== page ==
2. I live in a beach town and hang our wet towels on our front porch rail. They are beach towels that do not have to be washed everytime. Also, don’t want to put wet towels in a basket cause they get stinky!!

    3. Also, now that i’ve read the post, I’m loving these options. We are working on our laundry room right now. Thanks for the ideas.

    4. haha. Ok, obviously I don’t see it as a problem but one guest made a comment about how annoying it must be for neighbors to look at – aka messy and sloppy. We would do it in back if there were a railing, but the railing out front is just so easy. we will continue to do it because why would i wash/dray towels daily and also bring that sand in …..I see no problem with it, but technically it might be an eye sore to some ..

      1. Is there a spot that you can hang hooks on outside that gets sun? We put hooks outside as you walked to the front porch after returning from our neighborhood pool; it looked cute and intentional. It was usually so hot they dried within a day on the hook so we just grabbed and go the next day.

      2. Emily, are these laundry spaces really in the same house? I don’t really understand why you’d ever go through the trouble of buying redundant appliances. It sounds like you just need a large table where you can fold clothes.

        If people are finding themselves unwilling to walk to their laundry machine, it might be time to consider that either your house is too large, you have too much stuff, or you would benefit from hiring a housekeeper. I live in an apartment and our laundry room is five floors below me. If I can do it, so can you!

    5. THIS! We hang up our laundry to dry most of the year. (I live in a place where it doesn’t get that cold in the winter.) It’s better for the environment and it’s better for the clothes (they last longer). And like someone else said, nothing can beat the smell of hanging things up to dry. I live for clean sheet day when I can climb into a bed of clean sheets that have been drying outside. Okay. That sounded weird.

  5. Why not an option with both the washer and dryer on the same level? If it was my house, no one would carry their dirty clothes to a downstairs laundry basket, but then again we have two high schoolers. We also create more laundry than the space that you have allotted, probably because we don’t do laundry daily, but instead 3-4 loads in a row. If you are hesitant to go side-by-side, because the doors have hinges on the same side, look for units that have reversible doors and set them up like French doors. We have our laundry off the kitchen in the mudroom and they are not hidden because they live in a nook with a window the we didn’t want lose the sunlight behind a door. We are good about keeping the tops clear so we can fold laundry on top and it looks neat to anyone coming in via the mudroom. I also toss dish towels in the washer since I don’t have space for a separate hamper, that could work for you too.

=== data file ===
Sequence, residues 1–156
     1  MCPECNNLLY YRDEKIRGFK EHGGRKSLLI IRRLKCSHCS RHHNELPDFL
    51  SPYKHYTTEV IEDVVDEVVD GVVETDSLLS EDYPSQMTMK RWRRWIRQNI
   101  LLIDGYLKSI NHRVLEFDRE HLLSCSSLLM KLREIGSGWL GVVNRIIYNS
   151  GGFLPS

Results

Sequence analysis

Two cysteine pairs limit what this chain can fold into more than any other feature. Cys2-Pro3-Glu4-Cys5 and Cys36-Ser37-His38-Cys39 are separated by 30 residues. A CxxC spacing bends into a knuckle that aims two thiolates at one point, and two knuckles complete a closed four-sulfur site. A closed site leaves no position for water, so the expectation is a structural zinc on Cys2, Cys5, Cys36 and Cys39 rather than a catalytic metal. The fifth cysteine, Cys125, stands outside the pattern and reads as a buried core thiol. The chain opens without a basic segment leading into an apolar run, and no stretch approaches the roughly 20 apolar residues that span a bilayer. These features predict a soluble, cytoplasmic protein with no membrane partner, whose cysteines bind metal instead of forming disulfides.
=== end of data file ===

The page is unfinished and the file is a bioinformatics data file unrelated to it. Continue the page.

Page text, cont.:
1. I’m also genuinely confused and interested by the importance you are placing on having a laundry basket in this location. Am I doing laundry weirdly?! I too have a downstairs laundry closet. I have the hanging bar, folding surface and supply shelf. But it never occurred to me to have a laundry bin built in. Now I need to know . . . what goes in it?! Am I missing out?!

      1. I don’t think the Laundry basket in here would be for the everyday personal clothes laundry. I think she’s imagining it for hand and dish towels from kitchen/half bath as they need replaced or maybe the random pair of socks or sweater you are done with but don’t want to take all the way upstairs to put in the laundry.

        1. @amelia you are right. its just easy access to ‘throwing in’ which yes i could also do into the washer. i’m still learning and figuring it out but point is that I want it easy to access.. thanks for your imput!

      2. Completely agree. All of my laundry hampers live elsewhere in the house and they only come to the laundry room when they need washing. I had a side by side laundry closet, full width counter for folding, two hanging cabinets on each side with a hanging bar in between. I LOVED that setup in my last house (I designed it). And I even put pull out drying racks just above the units/below the counter to let clothes dry flat tucked away so my counter was still useful. And I absolutely folded all clothes there in that space. With a big counter I had plenty of space for that.

        1. We have a 3 bin laundry sorter in our laundry room and I LOVE it! When it’s time to do laundry we bring all the hampers to the laundry room and sort in to loads using the bins. I wouldn’t be able to function without laundry baskets/bins of some sort in the laundry room!

    2. I get the laundry hamper here in this case – for beach towels, wet winter gear, etc. I don’t think it’s really for everybody’s daily clothes. I often wish I had space for a hamper in mine (in my regular house) for things like that blanket that got spilled on but can’t go in the washer yet because there’s a load in there, or when my husband brings in messy towels from washing his car or cleaning up after mowing the lawn, but at the moment I at least have space for a small basket to toss some of those smaller things in. I suppose it all sort of depends on where your laundry room is located – ours is pretty central, so I pass by there a lot and tend to toss dirty things inside, often on the floor.